DRC blames radical groups for violent attacks on peacekeepers

Saturday September 02 2023

Demonstrators march during a demonstration against the East African Community Regional Force in Goma, eastern Democratic Republic of Congo, on January 18, 2023. PHOTO | GUERCHOM NDEBO | AFP


Authorities in the Democratic Republic of Congo are now laying blame on radical groups for fuelling violent protests against foreign peacekeeping missions including the United Nations.

This week, dozens of people were killed in Goma after new protests emerged against the Monusco, the UN stabilisation mission troops, and those from the East African Community Regional Force (EACRF).

Officials put the death toll at 43 after the Wednesday confrontation between Congolese security agencies and the protesters.Yet the violence is putting authorities in the DRC in an awkward position. Kinshasa has criticised these missions but wants a diplomatic way of dealing with perceived weaknesses.

Read: 48 killed in East DR Congo anti-UN rally crackdown

Mystic-religious group

Instead, it is blaming a mystic-religious group. It said members of the “Foi Naturelle Judaïque Messianique vers les Nations (FNJMN) / Agano La Uwezo Wa Neno/Wazalendo and assimilated to a church that practices fetishes, claim to follow in the footsteps of Patrice Emery Lumumba have radicalised youth to fight for “true independence.”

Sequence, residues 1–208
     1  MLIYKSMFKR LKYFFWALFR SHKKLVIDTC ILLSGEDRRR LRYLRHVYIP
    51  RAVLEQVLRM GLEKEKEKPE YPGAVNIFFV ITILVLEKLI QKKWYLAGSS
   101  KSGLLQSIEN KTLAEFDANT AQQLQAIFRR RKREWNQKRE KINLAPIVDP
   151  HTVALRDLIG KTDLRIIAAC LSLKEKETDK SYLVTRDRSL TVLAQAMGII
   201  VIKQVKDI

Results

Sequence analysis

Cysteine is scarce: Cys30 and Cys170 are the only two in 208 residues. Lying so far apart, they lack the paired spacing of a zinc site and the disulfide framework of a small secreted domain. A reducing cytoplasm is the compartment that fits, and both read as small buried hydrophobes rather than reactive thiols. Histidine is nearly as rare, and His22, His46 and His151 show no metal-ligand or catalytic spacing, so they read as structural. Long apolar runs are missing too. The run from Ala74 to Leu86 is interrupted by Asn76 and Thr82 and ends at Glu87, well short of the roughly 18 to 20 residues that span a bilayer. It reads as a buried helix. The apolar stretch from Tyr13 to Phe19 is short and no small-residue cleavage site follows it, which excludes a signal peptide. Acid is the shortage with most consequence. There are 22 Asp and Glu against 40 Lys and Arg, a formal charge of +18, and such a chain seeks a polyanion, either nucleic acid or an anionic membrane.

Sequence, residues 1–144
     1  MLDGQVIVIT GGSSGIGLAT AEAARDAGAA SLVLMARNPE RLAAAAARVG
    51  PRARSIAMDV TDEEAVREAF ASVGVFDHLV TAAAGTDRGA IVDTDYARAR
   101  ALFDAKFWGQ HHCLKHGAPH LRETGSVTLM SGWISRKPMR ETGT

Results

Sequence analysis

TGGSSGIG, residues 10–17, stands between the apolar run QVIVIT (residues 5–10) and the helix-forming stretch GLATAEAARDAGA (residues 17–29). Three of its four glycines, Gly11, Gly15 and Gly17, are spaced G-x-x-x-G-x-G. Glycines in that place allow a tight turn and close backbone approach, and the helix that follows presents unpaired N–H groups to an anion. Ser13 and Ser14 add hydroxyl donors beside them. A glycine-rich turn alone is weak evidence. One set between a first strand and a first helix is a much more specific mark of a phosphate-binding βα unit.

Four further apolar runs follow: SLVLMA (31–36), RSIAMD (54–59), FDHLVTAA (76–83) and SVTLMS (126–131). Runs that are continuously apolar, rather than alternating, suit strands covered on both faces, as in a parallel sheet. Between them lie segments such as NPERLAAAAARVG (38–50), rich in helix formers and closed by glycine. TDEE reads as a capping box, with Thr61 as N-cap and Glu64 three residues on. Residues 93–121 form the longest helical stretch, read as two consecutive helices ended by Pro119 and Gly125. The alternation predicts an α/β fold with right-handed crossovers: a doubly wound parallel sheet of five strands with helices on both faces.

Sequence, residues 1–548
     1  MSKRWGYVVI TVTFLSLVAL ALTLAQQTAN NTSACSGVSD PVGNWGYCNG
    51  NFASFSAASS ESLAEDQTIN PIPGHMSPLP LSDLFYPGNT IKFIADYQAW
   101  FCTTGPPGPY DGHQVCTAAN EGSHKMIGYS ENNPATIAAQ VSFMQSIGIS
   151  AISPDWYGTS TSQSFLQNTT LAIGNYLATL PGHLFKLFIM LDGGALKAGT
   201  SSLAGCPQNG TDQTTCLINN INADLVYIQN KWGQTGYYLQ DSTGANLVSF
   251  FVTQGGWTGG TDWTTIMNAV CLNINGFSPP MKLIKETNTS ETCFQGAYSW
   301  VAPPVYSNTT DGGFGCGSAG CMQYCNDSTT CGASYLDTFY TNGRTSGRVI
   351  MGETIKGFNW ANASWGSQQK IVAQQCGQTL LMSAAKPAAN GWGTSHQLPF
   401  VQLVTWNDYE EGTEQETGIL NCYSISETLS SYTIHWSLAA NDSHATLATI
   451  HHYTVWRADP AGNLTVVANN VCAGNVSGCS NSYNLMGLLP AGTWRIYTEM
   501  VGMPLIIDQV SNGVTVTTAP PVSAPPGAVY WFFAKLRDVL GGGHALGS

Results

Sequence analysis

Lumumba was DRC’s first prime minister who was assassinated.

The Congolese army claimed they were armed, intoxicated and manipulated, “posing as the Wazalendo belonging to a mystic-religious sect of a certain prophet Bisimwa Ephraim.”

Local Military Governor Constant Ndima claims that this group has already broken into the Monusco base and the town twice before.

The governor did not specify the town. But Lt-Col Kaiko Ndjike, army spokesman in North Kivu and government spokesman, said that the group had been responsible for “similar cases” in South Kivu. Their demonstrations had resulted in the deaths of followers of Bisimwa.

The group is demanding the “immediate departure” of Monusco, the East African Regional Force (EACRF), Westerners and NGOs from Congolese soil.

Read: Protests erupt again in Goma over UN peacekeepers

But the Congolese army says that, in reality, this group was “playing into the hands of the M23 and the Rwandan army”.

“The Defence and Security Forces have taken every precaution and professionally stopped the adventures of these troublemakers,” Ndjike said on Thursday.

Monusco has been in the DRC for the past 25 years, working under mandates that have been revised, amended and extended over the years.

Last month, United Nations Secretary General Antonio Guterres said the mission will leave from December this year, citing the local hostility he blamed on political incitement. But the UN chief also admitted their departure will leave a security void and asked the EACRF to cover up, alongside other foreign missions agreeable to Kinshasa.

Uneasy relationship

The EACRF itself has been in the crosshairs of Kinshasa in its 10 months of existence on Congolese soil. Kinshasa is expected to decide the EACRF’s fate by signing an extension of the Status of Force Agreement, or not. EACRF mandate expires this month, having been extended in March by six months.